“This is a way better way for some kids to spend their time,” Kirila said.

Senior Garrick Cottle called his robotics class “really cool” because it engages him differently than typical classroom work. He likes to work with his hands, he said.

“For me, learning is better if I see it than from someone just to tell me how to do it,” Garrick said.


Gibson is proud of Brookfield’s STEM offerings, but he’s not satisfied with what he and other Brookfield administrators and teachers have accomplished in opening up learning pathways to students. There’s still more to be done, he said.

One goal Gibson has is expanding STEM into STEAM by adding arts programming. The district currently has one art teacher, who works with all grades. He wants to add more art instruction, and is applying for grants that would allow the district to create another pathway to graduation in art and communications, and establish a graphic arts and design program.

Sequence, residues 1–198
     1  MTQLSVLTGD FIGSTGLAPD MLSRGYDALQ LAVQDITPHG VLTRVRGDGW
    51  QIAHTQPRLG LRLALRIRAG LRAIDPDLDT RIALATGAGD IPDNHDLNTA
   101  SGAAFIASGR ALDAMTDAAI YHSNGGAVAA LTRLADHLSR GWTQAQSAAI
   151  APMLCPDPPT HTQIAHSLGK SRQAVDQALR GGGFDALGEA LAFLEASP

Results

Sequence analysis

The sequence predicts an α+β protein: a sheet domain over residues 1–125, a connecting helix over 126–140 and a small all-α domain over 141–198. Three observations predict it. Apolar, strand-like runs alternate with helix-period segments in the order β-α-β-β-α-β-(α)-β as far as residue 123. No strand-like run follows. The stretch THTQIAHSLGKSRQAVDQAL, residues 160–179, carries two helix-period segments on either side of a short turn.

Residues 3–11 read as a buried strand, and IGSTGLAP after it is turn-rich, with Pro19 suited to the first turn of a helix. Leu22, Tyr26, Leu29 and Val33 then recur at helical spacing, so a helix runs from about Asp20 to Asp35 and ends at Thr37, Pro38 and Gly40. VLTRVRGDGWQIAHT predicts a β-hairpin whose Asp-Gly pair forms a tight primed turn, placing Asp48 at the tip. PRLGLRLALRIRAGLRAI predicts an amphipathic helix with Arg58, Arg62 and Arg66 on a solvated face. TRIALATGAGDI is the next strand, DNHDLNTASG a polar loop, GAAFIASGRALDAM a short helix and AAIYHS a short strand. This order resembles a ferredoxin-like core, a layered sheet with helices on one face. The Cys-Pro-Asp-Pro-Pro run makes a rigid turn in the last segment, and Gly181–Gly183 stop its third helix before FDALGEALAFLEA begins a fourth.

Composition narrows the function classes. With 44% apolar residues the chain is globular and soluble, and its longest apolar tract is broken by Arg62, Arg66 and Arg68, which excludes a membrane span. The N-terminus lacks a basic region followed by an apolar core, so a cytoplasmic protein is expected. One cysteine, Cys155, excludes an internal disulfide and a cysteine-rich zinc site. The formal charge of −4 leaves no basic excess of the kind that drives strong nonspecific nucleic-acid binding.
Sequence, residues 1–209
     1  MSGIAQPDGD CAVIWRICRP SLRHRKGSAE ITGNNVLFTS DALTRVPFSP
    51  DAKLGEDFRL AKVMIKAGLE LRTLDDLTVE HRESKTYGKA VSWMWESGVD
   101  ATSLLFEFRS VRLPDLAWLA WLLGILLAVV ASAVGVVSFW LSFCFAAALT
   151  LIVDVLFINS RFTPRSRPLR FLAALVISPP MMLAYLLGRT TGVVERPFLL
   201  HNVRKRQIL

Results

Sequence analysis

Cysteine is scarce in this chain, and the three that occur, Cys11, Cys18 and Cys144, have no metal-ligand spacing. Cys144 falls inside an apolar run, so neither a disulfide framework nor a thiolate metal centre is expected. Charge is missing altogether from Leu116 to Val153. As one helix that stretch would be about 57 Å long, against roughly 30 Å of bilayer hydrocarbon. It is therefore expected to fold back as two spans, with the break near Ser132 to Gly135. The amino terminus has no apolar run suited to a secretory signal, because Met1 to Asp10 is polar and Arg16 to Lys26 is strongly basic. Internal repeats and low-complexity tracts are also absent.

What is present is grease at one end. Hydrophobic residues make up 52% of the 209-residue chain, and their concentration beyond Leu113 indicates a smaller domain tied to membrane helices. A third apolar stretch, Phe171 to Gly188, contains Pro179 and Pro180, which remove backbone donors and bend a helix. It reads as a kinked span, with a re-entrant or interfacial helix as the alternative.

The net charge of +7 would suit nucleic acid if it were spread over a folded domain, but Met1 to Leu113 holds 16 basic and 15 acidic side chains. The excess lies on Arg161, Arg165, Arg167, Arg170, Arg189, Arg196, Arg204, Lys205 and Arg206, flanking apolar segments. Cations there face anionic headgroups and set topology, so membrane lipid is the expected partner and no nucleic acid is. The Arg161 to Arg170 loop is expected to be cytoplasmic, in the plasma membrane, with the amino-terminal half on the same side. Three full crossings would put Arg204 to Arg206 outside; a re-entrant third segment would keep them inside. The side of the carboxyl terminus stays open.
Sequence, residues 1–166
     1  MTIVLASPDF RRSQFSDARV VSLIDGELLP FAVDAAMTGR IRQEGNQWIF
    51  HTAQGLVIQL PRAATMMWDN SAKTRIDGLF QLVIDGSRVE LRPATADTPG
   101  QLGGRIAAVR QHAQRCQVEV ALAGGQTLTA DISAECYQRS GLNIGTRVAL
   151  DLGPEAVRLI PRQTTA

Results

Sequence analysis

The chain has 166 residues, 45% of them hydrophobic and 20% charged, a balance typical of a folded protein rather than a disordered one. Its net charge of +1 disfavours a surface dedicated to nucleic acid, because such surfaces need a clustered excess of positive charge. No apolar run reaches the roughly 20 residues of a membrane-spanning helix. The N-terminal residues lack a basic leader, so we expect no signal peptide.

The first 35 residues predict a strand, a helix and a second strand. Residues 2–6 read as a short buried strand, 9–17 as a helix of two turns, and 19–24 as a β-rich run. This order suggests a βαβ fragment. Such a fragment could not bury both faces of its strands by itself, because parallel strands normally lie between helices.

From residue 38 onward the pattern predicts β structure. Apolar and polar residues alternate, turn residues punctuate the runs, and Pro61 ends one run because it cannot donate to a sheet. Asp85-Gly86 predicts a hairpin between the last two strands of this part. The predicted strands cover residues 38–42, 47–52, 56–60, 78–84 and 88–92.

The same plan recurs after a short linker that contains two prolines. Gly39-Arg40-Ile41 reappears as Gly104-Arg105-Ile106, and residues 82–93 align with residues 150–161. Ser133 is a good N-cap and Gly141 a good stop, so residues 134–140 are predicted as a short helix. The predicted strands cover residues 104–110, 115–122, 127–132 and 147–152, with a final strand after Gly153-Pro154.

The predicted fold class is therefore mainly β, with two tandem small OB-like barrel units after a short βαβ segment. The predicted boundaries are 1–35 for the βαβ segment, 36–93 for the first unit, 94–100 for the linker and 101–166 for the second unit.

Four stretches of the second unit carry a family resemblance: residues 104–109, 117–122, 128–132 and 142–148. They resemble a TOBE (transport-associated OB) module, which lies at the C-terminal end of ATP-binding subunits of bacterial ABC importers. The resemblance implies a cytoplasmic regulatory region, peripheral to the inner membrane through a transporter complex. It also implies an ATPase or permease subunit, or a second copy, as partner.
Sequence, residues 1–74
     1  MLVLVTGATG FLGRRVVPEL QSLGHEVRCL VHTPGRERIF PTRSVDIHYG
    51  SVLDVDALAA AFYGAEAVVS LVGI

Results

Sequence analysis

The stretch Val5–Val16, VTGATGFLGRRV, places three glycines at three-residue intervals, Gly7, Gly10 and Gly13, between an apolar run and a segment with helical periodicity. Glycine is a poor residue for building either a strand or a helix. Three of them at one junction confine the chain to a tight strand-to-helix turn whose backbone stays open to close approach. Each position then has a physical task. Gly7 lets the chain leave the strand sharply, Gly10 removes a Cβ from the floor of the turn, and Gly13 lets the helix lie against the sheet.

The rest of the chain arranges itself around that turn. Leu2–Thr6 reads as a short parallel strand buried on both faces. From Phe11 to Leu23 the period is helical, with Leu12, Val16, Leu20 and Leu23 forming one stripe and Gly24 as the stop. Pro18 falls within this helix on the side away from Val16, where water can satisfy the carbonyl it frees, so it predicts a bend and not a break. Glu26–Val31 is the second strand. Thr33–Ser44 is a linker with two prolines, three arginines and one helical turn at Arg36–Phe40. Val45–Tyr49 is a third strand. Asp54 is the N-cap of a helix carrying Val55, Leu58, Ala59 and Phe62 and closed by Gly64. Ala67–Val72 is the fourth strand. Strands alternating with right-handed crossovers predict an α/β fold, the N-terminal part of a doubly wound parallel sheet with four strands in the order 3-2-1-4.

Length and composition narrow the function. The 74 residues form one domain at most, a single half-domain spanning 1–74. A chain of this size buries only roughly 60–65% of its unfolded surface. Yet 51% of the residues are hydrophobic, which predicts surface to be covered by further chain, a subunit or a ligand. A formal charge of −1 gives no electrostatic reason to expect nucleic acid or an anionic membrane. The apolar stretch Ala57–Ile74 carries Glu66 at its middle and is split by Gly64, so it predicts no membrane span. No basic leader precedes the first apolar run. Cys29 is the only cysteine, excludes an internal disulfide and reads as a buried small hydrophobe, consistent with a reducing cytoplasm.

“We have talented students in music and the arts,” he said. The district needs to “start promoting that a little bit more.”

Finally, Gibson doesn’t want just to offer STEM to his students – he also wants to offer it to community members. Maybe, someone wants to earn a Microsoft certification or an industry credential through the Industry 4.0 lab, he said.

“There may be somebody out there who wants a job change in the community,” he said. “Give them the opportunity to come in and start that course work and put something on a resume.”

To that end, the school district has started a series of weekend events called Brookfield Builds in which students and parents can join for an activity overseen by Brookfield school personnel. The first one was held Jan. 21 when art teacher Linda Bain helped participants make cartoon thumbprint picture books. Additional programs, which will take place in the Maker Space, robotics lab and other areas of the school, will be announced on the district’s Facebook page.